Google’s stock is exactly where it was in September 2007, and it has fallen 9% since Eric Schmidt announced in January that he’d be stepping down as CEO.
The problem, investors say, is that for every reason to believe in Google (GOOG, Fortune 500), there seems to be a counterbalancing reason for concern.
The company is growing rapidly, but antitrust battles are a threat to growth. Hiring increases could help create the next billion-dollar business, but the weight on margins scares some investors. New management should make the company more efficient, but near-term profits could suffer. And well-received product enhancements aren’t enough to reduce some investors’ worries about Facebook’s threat to Google’s business.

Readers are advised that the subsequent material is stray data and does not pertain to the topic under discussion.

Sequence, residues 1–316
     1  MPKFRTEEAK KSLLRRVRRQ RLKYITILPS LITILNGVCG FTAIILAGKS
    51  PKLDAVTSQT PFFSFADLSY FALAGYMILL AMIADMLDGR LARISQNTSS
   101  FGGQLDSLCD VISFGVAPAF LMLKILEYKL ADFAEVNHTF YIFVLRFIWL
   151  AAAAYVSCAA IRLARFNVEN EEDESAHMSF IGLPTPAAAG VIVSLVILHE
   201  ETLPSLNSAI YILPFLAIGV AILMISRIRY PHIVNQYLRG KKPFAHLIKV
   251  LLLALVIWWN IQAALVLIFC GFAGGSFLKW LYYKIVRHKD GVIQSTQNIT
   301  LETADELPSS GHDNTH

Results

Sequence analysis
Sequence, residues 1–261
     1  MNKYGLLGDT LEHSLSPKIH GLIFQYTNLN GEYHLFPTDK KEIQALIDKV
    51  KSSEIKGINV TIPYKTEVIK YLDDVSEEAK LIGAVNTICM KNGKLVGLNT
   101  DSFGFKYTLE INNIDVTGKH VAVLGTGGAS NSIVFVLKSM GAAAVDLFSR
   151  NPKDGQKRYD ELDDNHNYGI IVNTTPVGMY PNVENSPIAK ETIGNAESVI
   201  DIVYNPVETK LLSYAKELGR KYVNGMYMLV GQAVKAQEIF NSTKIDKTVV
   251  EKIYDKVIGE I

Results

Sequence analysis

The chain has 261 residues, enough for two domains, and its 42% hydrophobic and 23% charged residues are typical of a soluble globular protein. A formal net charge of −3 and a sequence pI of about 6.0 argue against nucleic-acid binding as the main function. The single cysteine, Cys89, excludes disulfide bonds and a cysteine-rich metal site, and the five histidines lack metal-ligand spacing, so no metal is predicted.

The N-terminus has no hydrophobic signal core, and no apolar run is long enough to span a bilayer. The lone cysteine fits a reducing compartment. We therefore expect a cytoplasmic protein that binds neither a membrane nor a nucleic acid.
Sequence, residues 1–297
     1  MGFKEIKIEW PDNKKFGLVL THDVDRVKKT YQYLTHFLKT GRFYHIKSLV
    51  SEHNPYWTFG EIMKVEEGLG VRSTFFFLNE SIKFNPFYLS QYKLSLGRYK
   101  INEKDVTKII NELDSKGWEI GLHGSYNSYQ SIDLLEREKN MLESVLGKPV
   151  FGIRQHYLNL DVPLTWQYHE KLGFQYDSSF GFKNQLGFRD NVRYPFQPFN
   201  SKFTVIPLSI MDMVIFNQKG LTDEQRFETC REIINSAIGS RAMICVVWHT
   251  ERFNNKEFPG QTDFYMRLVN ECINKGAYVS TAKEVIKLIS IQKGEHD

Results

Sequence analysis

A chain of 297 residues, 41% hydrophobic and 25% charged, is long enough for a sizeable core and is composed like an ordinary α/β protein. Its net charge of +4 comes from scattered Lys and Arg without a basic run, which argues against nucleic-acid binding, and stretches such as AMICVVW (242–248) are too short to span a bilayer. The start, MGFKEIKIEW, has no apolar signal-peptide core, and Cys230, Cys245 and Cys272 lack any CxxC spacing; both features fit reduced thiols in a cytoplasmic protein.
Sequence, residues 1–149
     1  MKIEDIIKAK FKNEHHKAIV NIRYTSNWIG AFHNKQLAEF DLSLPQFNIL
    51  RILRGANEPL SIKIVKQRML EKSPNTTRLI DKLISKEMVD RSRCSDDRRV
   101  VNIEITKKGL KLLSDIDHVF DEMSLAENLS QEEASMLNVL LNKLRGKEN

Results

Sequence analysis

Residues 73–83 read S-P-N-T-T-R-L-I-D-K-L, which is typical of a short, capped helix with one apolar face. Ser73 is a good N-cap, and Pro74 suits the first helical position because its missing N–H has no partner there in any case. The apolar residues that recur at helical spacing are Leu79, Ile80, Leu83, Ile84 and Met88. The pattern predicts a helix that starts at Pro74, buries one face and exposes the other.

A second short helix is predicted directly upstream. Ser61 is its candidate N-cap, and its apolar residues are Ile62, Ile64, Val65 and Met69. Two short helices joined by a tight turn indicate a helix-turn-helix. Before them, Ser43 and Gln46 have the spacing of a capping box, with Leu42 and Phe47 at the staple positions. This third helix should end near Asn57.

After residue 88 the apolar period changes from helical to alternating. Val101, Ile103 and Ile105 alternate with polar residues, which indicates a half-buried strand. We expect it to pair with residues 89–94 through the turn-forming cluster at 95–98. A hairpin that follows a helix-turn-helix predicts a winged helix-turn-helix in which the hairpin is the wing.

“There are many moving parts at Google that make it hard to assess [growth] on the revenue line, associated risk and competitive dynamics across its many markets,” said Joel Achramowicz, analyst at Blaylock Robert Van. “These uncertainties are causing the market to remain circumspect with regard to the name ‘Google.'”